The first step in managing pain from psoriatic arthritis is non-steroidal anti-inflammatory drugs, or NSAIDs. These can be over-the-counter medications, such as ibuprofen, aspirin and naproxen. Others are by prescription only. These drugs can interact with other treatments for psoriatic arthritis, so make sure to talk to your doctor before using them.
Biologics can take a few months to begin improving your psoriatic arthritis, but they work by interfering with the process that causes inflammation. Once the biologic has had time to work, the pain from psoriatic arthritis should lessen. In addition, biologics can improve mood very quickly, as people with psoriatic arthritis are at great risk for depression.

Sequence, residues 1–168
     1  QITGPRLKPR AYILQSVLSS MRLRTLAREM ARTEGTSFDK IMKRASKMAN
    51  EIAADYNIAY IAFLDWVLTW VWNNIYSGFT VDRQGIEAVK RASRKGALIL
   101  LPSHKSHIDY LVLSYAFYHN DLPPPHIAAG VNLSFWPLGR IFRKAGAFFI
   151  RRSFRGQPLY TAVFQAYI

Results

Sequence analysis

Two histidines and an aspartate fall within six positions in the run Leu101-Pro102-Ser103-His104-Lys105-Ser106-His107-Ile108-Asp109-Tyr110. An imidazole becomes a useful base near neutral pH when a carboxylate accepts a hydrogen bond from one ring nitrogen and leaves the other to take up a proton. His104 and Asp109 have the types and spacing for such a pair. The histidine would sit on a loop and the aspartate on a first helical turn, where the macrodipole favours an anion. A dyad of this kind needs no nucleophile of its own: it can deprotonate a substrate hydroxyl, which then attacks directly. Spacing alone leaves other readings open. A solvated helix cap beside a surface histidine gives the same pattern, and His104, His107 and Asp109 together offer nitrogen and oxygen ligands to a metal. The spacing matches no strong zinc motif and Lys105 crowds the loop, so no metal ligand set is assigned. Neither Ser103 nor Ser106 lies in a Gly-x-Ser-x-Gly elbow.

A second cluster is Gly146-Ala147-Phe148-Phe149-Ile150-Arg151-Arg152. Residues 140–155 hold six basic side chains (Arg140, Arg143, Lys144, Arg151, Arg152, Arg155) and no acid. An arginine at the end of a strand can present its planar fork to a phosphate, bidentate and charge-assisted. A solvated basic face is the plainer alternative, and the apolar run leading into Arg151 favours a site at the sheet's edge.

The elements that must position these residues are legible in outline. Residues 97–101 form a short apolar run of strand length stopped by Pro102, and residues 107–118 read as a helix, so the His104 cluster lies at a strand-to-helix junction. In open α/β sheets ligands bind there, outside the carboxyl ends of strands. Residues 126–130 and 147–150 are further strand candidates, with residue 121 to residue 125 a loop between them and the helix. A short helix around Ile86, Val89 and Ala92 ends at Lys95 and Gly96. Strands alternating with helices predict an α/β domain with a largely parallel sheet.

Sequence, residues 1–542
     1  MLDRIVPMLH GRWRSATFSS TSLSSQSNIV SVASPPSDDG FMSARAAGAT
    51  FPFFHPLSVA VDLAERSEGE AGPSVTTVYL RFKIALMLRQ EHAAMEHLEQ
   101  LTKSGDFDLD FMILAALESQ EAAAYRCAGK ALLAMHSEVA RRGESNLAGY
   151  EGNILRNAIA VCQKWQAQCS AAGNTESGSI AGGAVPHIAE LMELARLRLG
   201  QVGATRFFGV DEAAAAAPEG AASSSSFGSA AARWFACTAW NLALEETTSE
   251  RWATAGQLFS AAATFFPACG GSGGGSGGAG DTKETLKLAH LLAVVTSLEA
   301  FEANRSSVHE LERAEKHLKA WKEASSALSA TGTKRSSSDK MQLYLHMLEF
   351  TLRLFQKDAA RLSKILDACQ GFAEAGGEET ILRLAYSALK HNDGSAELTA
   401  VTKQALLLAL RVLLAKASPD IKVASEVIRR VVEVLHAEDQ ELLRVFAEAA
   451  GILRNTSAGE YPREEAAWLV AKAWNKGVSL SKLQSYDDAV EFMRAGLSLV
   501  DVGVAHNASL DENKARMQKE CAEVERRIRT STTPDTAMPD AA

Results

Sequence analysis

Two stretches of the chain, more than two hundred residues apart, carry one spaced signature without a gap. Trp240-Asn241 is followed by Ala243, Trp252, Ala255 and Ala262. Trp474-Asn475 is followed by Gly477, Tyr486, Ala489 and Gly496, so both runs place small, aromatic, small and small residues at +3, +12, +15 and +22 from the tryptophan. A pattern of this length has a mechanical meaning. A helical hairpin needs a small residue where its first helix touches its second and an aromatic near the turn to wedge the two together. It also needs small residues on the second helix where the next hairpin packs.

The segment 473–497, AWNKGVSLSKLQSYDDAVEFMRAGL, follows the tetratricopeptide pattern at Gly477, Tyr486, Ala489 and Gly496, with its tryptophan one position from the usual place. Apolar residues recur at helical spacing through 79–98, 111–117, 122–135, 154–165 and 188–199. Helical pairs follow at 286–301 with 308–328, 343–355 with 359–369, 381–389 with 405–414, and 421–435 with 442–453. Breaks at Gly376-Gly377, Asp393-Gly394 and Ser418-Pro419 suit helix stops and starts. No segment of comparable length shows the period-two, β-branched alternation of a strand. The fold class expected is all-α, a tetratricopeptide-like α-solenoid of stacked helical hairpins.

Prescription pain medication
Sometimes pain can be severe, even when the psoriatic arthritis is being treated with medications. In these cases, prescription pain medication may be necessary. Some medications treat neurological pain, which reduces sensitivity to pain.
When you have significant joint pain, it can be hard to exercise. But doing some kind of movement, such as stretching, yoga, water exercise or walking can help improve function and pain. Weight loss has also been linked to improved symptoms.
Some studies have shown that alternative treatment, such as acupuncture may offer benefits. This type of therapy should be done in combination with traditional therapies, but ask your doctor about what is best for you. Acupuncture may help relieve muscle tension and help with relaxation.
Some studies have shown that meditation can improve psoriasis. Though no studies have been done on meditation and psoriatic arthritis, anecdotal evidence suggests that meditation can help relieve stress and anxiety, which in turn helps with the arthritis.